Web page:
Entrepreneurs can find value by digitally enabling a number of sectors beyond the usual suspects. For example, the startup MyGate offers platform-based solutions for front-gate security in residential and commercial buildings.
This at first seemed like an unlikely sector for digitisation, said Sanjay. Online furniture rental also seemed different for Prime Ventures, but the founders were convinced they were seeing something that their investors initially missed.
Great ideas won’t get out of garages, labs, cafes and offices unless the founder networks, builds, recruits and sells. “I connected and reached out to 300 people on LinkeIn for my furniture rental idea. Only three responded, but one of them led me to my first hire,” recalled Ashish.
There was also the random kindness of total strangers that helped him in his early days, such as a factory manager on the outskirts of Bengaluru. (This is also a lesson to others in society to help founders whenever asked!)
Agreeing on vision and mission may be a good start, but, sometimes, even seemingly smaller things can trip up co-founder relationships. “We fought over our logo for over two hours, and even after having known each other for over 10 years, we each said this wasn’t going to work,” recalled Ashish.
See also our review of Cut the Crap and Jargon: Lessons from the Startup Trenches, by Shradha Sharma and TN Hari. The book highlights the challenges in areas like setting the right culture and communications in a fast-growing startup.
Product failure and even company failure may end up tripping many a founder. “I went bust in 2001 and 2003, and went to work at a call centre,” recalled Nithin. But he stayed active in the trading space, and eventually founded his trading platform, Zerodha.
“Every business has surprises along the way,” cautioned Sanjay; his investment firm has had its share of “false positives” and “false negatives” (missed opportunities). If the prize is worth winning, the founders will learn from failure and persevere.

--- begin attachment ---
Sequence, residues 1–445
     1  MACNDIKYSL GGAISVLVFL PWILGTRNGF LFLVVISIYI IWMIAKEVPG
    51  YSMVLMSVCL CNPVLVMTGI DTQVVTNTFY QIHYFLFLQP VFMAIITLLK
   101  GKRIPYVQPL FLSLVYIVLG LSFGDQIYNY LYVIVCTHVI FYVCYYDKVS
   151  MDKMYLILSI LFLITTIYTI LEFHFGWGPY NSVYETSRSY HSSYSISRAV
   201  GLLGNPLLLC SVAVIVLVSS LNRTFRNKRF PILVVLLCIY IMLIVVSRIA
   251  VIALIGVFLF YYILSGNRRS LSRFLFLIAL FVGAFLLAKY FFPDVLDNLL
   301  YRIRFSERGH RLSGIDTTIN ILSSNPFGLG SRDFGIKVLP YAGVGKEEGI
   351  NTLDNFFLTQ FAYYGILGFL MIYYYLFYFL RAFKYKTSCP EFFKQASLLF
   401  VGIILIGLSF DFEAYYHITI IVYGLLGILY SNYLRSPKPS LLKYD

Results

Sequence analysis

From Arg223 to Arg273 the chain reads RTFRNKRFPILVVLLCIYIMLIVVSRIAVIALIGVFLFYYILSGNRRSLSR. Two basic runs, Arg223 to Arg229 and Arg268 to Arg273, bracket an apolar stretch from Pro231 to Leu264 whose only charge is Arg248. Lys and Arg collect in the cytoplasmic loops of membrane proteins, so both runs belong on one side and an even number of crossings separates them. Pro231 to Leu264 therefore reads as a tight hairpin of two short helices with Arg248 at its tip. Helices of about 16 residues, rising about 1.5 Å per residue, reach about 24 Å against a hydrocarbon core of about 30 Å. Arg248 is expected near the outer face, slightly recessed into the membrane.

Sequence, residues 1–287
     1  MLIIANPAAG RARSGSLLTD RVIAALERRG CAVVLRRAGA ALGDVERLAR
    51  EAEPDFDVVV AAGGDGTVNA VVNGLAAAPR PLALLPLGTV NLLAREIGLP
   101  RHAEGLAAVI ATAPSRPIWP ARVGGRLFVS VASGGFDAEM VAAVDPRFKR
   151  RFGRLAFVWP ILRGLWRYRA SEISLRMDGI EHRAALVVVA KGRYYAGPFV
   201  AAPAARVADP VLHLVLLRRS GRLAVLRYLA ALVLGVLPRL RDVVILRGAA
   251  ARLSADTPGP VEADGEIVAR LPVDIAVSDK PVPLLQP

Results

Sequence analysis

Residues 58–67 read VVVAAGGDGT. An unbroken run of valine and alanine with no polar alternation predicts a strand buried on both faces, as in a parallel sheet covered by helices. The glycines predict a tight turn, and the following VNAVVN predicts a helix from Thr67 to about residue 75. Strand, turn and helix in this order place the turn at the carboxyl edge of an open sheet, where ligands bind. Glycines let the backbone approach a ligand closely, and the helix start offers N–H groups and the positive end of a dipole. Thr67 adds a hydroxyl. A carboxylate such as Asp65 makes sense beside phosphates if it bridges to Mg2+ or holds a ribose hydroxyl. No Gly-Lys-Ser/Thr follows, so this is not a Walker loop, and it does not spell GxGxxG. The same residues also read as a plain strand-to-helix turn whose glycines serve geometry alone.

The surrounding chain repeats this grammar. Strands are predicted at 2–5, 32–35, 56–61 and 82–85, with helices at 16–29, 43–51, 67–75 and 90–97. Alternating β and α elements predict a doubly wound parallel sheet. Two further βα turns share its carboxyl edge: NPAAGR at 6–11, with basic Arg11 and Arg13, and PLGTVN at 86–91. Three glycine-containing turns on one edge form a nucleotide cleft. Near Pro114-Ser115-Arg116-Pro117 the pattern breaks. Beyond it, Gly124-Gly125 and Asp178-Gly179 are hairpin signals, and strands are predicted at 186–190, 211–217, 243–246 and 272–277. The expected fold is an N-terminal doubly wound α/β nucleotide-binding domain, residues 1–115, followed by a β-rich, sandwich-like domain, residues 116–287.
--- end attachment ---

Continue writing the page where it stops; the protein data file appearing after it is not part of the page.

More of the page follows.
There will be regulatory uncertainties for many entrepreneurs, especially in sectors like cryptocurrency and the sharing economy (see our earlier articles on regulation and governance). There will also be market distortions due to the funding patterns of hyper-funded startups.
There are some companies that may not be able to deliver shareholder returns, cautioned Ashish. There are many startups in India whose leadership team has not been through economic boom and bust cycles either, and do not have this experience of reading market patterns.
Even as a startup grows and recruitment steps up, certain key activities will continue to demand quality founder attention. “I spend two hours a day responding to queries on our blog,” said Nithin.
Even though some advise him to delegate this to others, Nithin prefers to keep this customer connect going because that is what his brand was built on. “Make passion your paycheck,” advised Vishal Bali.
Other discussions by the panel focused on how startups can learn and support one another. The best learning for entrepreneurs generally comes from other entrepreneurs. “We facilitate conversations between the founders in our portfolio,” said Sanjay.
Indian cities like Bengaluru have a healthy startup ecosystem where many such forums exist (despite infamous traffic!) Other cities can also strengthen their entrepreneur peer-support networks, the panelists summed up.